Should You Visit the Dermatologist During COVID-19? Start With This At-Home Skin Assessment

This series on Women’s Health is brought to you by Tryon Medical Partnersan independent practice of nearly 90 physicians who joined forces because they share the core belief that the patient-doctor connection is the foundation for better health.

We’re in the midst of a pandemic. COVID-19 has upended our lives and is the health concern on everyone’s minds. Rightfully so. 

By staying home and practicing social distancing, we limit exposure to the virus. For many, this has taken the form of putting off ongoing health needs, like annual exams. But COVID-19 has no quick fix and delaying seeing your doctor comes with its own set of health concerns. 

“Skin cancer is incredibly prevalent,” said Dr. Patricia Roddey, a dermatology specialist at Tryon Medical Partners. “It’s the most common form of cancer and one in five Americans will develop it within their lifetime.” 

The statistics can seem grim. But they don’t have to be.

“Melanoma is almost always curable – if recognized and treated early,” Dr. Roddey said. “While we should all be concerned about COVID-19, we can’t avoid taking care of ongoing medical issues. Seeing your doctor regularly is what keeps you healthy, both long and short term. There are also steps you can take yourself at home.” 

By performing at-home skin self-exams, you can better identify areas of concern and determine when you need intervention from a trusted dermatologist

Preparing for Your At-Home Skin Self-Exam

You don’t need any fancy equipment for an at-home skin exam. The most important tools are your eyes and a mirror. Here are a few tips for getting started:

  • Begin with clean, fresh skin. After a shower is a great time as your skin will be free of makeup.
  • Choose a well-lit room that allows you to see your skin’s details.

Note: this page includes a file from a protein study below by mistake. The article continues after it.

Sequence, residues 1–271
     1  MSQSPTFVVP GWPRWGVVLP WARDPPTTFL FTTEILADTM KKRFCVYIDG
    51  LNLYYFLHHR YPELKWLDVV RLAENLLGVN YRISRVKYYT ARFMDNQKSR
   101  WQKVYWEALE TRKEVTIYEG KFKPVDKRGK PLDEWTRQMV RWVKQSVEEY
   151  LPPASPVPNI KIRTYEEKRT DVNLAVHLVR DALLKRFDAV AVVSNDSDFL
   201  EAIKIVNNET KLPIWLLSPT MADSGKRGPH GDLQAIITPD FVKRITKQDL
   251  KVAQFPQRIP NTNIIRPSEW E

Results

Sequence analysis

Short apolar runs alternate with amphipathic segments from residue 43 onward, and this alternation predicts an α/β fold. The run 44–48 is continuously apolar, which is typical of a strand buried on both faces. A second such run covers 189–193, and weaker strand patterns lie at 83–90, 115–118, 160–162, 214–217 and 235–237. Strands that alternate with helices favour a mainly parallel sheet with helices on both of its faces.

• A full length and hand-held mirror will come in handy. You may also want a comb to best see all sections of your scalp.
  • Consider recruiting a trusted friend or partner to help with hard-to-see places.

When performing your at-home skin self-exam, you want to work methodically from head to toe. Pay attention to all areas of skin, even and especially those you might not normally think about, like between your fingers and toes, under your nails, underneath your breasts and hard-to-reach places like behind your ears. 

The ABCs of Melanoma

The most common hallmarks of a lesion that could be melanoma can be remembered by going through the ABCs:

  • A: Asymmetry – A mark on your skin is asymmetrical if you see differences in its halves.
  • B: Border – Identify any irregularities in the border of your moles and marks. This could mean the border is ragged or blurred.
  • C: Color – Color that is not uniform, including different shades. 
  • D: Ugly Duckling – “Ugly duckling” lesions look different from the others on your body. They may be very dark or newly dense, or increasing in thickness or diameter.
  • E: Evolving – Pay attention to changing size, shape or color.

If this is the first time performing your own exam, it’s important to get familiar with your skin. As you continue this practice, that familiarity will aid in identifying change. The best habit is to make this a monthly routine.

If you find something you’re concerned about or that displays any of the melanoma warning signs, it’s time to see your dermatologist and get a full skin examination

“By performing at-home skin exams you arm yourself with information, but know we’re here to be your partner in health and healthy skin,” Dr. Roddey says. “We’re working hard to keep our offices safe so we can see you in person and keep you healthy, both now and in the future.”

Tryon Medical Partners is an independent medical practice dedicated to maintaining trusted patient-doctor relationships, providing excellent and personalized care, and giving you the choices in healthcare that you deserve. With eight convenient locations throughout Charlotte, Tryon Medical Partners specializes in primary care as well as cardiology, dermatology, endocrinology, gastroenterology, pulmonary, rheumatology and sleep medicine.